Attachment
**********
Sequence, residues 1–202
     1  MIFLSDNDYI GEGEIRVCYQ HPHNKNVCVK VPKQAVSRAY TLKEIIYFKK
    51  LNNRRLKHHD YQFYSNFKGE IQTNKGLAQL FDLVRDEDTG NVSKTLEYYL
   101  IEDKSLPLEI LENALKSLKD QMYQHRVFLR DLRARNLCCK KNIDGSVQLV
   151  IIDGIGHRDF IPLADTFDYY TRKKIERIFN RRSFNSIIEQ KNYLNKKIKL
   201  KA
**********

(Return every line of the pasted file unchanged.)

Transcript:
Sequence, residues 1–202
     1  MIFLSDNDYI GEGEIRVCYQ HPHNKNVCVK VPKQAVSRAY TLKEIIYFKK
    51  LNNRRLKHHD YQFYSNFKGE IQTNKGLAQL FDLVRDEDTG NVSKTLEYYL
   101  IEDKSLPLEI LENALKSLKD QMYQHRVFLR DLRARNLCCK KNIDGSVQLV
   151  IIDGIGHRDF IPLADTFDYY TRKKIERIFN RRSFNSIIEQ KNYLNKKIKL
   201  KA